Later this week the Bank of England’s Monetary Policy Committee (the MPC) is due to hold its next meeting, and once again all eyes will be on them to see if they raise rates from their current 0.75%. Most commentators are predicting a further rise, to at least 1%. But there are a number of reasons why this is not such a foregone conclusion as it might appear, and a number of issues which could cause the Bank to hesitate.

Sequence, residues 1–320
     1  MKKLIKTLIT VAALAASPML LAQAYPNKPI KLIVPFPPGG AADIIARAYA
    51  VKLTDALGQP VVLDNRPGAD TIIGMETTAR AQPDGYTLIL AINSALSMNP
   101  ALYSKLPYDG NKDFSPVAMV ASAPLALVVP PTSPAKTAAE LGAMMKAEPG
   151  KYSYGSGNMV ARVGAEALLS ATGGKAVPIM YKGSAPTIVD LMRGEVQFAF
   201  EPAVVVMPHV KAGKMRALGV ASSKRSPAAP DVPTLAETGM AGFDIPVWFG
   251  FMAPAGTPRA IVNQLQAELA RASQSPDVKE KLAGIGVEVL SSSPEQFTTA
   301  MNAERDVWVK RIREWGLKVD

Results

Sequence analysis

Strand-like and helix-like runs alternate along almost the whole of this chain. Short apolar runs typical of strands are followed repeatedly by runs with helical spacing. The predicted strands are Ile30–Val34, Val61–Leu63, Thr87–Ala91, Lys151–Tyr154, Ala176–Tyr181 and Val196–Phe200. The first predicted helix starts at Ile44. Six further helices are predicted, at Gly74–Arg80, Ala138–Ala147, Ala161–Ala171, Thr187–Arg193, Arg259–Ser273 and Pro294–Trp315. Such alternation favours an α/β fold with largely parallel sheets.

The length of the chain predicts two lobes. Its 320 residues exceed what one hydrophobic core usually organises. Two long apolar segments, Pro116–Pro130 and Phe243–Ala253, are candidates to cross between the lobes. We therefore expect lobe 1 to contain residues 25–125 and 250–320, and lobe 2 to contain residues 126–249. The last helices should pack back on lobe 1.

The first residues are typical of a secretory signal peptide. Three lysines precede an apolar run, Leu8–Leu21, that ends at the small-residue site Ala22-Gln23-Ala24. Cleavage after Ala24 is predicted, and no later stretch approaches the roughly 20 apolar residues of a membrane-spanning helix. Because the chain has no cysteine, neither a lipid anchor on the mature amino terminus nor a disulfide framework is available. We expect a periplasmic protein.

The story of Britain’s relationship with the EU and its precursors over the last 75 years is to a large extent the story of the Conservative Party’s internal debate on the matter. The Tories have at various times been aloof, dismissive, enthusiastic, half‑hearted, complaining and finally overtly hostile to the plans and dreams of the UK’s neighbours. A new book by Conservative peer Lord Tugendhat explores this, and explains why the party that took the UK into Europe was also the party that 43 years later took the country out.